The Harn is a beautiful establishment whose design lends itself to be explored and enjoyed, without distracting visitors from the art it showcases. The white walls run throughout most of the museum, making the space feel bright and open. The rooms with hardwood floor also added to the overall aesthetic of the building. With my little experience of navigating through a museum, coupled with my terrible sense of direction, I was relieved to find the halls easy to navigate and fun to explore. One exhibit that caught my attention is called "Meant To Be Shared." This exhibit features over one hundred prints from Italy, France, and Spain. During my time in this exhibit, I learned that these prints were collected by a philanthropist, and later given to Yale University Art Gallery. The design of the exhibit was spacious and bright, which allowed for an environment in which each visitor could assess the featured pieces without feeling crowded. Additionally, the way that the prints are showcased in the room are such that every detail of the pieces, as well as their texture and medium, were easy to see and analyze. By deliberately spacing out the prints, there was ample room to move around and easy access to each piece. This exhibit was different than other exhibits in that it did not showcase any sculptures. This left the room very open and spread out, but with the amount of prints the philanthropist acquired, it did not feel empty in the slightest. On the contrary, it felt full of a large variety of colors and styles as there were so many different artists displayed. The exhibit made me feel as though I was given an amazing opportunity to experience and understand how much art styles can vary from artist to artist.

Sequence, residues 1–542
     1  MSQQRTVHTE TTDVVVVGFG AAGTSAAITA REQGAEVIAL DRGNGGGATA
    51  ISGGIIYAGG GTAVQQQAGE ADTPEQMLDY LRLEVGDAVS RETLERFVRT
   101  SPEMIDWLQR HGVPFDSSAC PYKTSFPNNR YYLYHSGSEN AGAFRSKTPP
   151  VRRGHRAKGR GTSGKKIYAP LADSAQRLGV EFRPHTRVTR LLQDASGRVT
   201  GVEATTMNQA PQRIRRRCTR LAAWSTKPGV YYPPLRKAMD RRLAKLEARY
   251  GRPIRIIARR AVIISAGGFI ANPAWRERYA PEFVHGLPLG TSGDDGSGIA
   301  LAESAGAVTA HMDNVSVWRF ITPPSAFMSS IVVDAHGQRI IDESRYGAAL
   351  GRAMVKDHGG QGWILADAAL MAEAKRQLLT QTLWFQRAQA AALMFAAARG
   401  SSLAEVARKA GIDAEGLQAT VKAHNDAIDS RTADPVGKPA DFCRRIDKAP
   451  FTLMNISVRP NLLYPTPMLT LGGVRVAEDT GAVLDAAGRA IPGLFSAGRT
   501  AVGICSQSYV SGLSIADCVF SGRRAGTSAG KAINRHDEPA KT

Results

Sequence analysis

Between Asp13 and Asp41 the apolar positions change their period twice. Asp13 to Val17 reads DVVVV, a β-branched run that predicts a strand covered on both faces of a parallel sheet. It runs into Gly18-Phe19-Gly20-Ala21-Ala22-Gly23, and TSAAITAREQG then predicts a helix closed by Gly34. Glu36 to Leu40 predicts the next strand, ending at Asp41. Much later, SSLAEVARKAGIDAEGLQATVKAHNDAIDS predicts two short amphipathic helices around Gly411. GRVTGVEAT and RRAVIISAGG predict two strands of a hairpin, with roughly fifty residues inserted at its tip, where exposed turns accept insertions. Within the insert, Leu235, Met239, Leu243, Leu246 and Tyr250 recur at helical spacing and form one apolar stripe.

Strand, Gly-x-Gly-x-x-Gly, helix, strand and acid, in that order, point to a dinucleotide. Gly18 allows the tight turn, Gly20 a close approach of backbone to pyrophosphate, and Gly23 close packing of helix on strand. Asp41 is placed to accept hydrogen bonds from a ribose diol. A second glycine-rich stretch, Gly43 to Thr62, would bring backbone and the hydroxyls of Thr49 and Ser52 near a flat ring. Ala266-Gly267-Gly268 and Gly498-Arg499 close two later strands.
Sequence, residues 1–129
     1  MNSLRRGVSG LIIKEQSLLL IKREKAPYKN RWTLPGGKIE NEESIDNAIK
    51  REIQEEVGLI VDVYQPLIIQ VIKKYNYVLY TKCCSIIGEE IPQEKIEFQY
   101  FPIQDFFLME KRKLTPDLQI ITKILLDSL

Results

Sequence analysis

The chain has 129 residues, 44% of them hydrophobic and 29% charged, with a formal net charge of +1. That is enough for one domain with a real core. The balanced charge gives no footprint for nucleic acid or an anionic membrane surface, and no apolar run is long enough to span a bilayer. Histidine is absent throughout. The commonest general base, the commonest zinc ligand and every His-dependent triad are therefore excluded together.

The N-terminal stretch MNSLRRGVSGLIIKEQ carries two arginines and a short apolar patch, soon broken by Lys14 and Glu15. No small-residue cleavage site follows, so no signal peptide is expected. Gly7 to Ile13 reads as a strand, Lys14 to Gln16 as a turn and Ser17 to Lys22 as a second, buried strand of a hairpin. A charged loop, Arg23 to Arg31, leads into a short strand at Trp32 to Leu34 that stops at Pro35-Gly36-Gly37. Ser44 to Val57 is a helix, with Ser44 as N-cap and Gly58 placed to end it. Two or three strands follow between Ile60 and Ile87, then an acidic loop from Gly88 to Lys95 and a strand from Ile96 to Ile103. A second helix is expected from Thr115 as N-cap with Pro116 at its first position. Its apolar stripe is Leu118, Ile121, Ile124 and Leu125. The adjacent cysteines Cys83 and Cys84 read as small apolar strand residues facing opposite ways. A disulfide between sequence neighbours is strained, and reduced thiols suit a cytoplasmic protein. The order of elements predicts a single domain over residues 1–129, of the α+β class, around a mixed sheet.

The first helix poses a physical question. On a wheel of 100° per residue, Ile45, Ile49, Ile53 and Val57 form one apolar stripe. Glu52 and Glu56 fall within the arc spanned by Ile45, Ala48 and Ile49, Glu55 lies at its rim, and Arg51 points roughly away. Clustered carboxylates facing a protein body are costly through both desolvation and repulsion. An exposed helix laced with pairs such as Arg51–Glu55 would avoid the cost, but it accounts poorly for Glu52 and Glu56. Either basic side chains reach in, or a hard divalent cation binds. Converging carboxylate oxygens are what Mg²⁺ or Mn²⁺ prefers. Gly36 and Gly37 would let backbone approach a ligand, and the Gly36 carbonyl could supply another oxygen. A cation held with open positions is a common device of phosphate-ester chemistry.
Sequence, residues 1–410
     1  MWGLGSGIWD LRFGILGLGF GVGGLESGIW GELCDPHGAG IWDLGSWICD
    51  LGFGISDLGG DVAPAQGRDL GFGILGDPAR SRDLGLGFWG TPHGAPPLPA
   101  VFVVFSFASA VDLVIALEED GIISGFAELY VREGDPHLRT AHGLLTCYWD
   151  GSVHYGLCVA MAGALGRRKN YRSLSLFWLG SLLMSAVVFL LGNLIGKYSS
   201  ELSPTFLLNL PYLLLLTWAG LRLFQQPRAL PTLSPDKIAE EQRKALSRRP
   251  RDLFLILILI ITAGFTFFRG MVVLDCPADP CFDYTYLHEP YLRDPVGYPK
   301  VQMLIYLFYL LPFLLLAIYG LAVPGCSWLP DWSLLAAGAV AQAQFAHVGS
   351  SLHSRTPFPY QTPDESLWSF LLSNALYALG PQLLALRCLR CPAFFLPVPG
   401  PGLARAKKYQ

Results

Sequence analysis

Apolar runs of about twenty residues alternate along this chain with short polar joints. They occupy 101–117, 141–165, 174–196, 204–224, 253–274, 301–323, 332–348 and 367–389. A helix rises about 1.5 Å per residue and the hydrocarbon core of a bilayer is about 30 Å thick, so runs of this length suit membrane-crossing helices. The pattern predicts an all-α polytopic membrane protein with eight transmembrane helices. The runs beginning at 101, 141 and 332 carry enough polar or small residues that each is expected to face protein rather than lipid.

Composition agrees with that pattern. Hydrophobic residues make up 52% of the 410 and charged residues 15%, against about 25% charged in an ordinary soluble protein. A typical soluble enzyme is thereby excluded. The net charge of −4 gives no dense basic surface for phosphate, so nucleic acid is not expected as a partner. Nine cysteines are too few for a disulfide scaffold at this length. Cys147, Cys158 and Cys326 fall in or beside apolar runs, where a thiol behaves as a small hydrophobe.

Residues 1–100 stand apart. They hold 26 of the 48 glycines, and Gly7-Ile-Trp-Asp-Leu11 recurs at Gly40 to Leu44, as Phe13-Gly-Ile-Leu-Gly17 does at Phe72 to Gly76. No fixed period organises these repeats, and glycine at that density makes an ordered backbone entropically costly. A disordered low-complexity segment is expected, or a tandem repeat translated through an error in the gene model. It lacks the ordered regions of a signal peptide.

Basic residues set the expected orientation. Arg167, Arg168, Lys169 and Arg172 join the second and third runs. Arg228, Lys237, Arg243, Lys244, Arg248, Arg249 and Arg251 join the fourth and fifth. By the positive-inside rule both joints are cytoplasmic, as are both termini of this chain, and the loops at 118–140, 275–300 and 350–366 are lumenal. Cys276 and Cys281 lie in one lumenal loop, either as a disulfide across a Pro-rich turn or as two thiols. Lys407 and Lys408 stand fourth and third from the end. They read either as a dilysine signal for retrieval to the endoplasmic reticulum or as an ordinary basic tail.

Art and core values